Study after study has shown that the biggest causes of software project failure are over-optimistic scheduling and unstable requirements. I think the only reason team dynamics isn't in the #1 spot is that it's hard for an outsider to judge after the fact. In my experience, though, how well people work together is a lot more important than how smart they are individually: everyone in the engineering group of the first start-up I joined was very good at their job, but when you put us together, our IQs somehow canceled out.
I put together the profiles below to jump-start discussion in undergraduate project teams about the many ways in which someone can not contribute. If you have more to add, feel free to use the comment box :-)
Anna knows more about every subject than everyone else on the team put together—at least, she thinks she does. No matter what you say, she'll correct you; no matter what you know, she knows better. Annas are pretty easy to spot: if you keep track in team meetings of how often people interrupt one another, her score is usually higher than everyone else's put together.
Bao is a contrarian: no matter what anyone says, he'll take the opposite side. This is healthy in small doses, but when Bao does it, there's always another objection lurking behind the first half dozen.
Caitlin has so little confidence in her own ability (despite her good grades) that she won't make any decision, no matter how small, until she has checked with someone else. Everything has to be spelled out in detail for her so that there's no possibility of her getting anything wrong.
Frank believes that knowledge is power. He enjoys knowing things that other people don't—or to be more accurate, he enjoys it when people know he knows things they don't. Frank can actually make things work, but when asked how he did it, he'll grin and say, "Oh, I'm sure you can figure it out."
Hediyeh is quiet. Very quiet. She never speaks up in meetings, even when she knows that what other people are saying is wrong. She might contribute to the mailing list, but she's very sensitive to criticism, and will always back down rather than defending her point of view. Hediyeh isn't a troublemaker, but rather a lost opportunity.
Kenny is a hitchhiker. He has discovered that most people would rather shoulder some extra work than snitch, and he takes advantage of it at every turn. The frustrating thing is that he's so damn plausible when someone finally does confront him. "There have been mistakes on all sides," he says, or, "Well, I think you're nit-picking." The only way to deal with Kenny is to stand up to him: remember, if he's not doing his share, he's the bad guy, not you.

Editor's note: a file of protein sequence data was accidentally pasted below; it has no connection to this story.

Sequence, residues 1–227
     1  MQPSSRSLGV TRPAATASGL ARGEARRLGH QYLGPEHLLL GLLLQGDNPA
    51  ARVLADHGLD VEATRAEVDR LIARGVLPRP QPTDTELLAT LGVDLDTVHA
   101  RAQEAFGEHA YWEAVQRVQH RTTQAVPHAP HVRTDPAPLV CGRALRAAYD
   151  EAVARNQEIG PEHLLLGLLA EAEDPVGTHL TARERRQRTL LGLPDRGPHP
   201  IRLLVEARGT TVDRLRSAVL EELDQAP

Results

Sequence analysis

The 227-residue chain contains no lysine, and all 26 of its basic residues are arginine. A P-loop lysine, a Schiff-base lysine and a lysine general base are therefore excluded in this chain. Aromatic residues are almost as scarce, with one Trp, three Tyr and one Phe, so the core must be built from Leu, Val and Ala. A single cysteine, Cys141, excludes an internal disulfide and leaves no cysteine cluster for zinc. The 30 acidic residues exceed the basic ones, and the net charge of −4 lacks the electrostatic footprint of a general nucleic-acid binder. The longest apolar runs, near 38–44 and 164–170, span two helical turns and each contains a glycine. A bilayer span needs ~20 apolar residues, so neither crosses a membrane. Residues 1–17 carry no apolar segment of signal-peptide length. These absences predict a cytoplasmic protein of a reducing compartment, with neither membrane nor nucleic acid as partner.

Melissa would easily have made the varsity procrastination team if she'd bothered to show up to tryouts. She means well—she really does feel bad about letting people down—but somehow something always comes up, and her tasks are never finished until the last possible moment. Of course, that means that everyone who is depending on her can't do their work until after the last possible moment...
Petra's favorite phrase is "why don't we". Why don't we write a GUI to help people edit the program's configuration files? Hey, why don't we invent our own little language for designing GUIs? Her energy and enthusiasm are hard to argue with, but argue you must. Otherwise, for every step you move forward, the project's goalposts will recede by two. This is called feature creep, and has ruined many projects that might otherwise have delivered something small, but useful.
Raj is rude. "It's just the way I talk," he says, "If you can't hack it, maybe you should find another team." His favorite phrase is, "That's stupid," and he uses obscenity as casually as minor characters in Tarantino films. His only redeeming grace is that he can't dissemble in front of the instructor as well as Kenny, so he's easier to get rid of.
Sergei is simply incompetent. He doesn't understand the problem, he hasn't bothered to master the tools and libraries he's supposed to be using, the code he checks in doesn't compile, and his thirty-second bug fixes introduce more problems than they solve. If he means well, try to re-partition the work so that he'll do less damage. If he doesn't, he should be treated like any other hitchhiker.
Originally posted at Software Carpentry.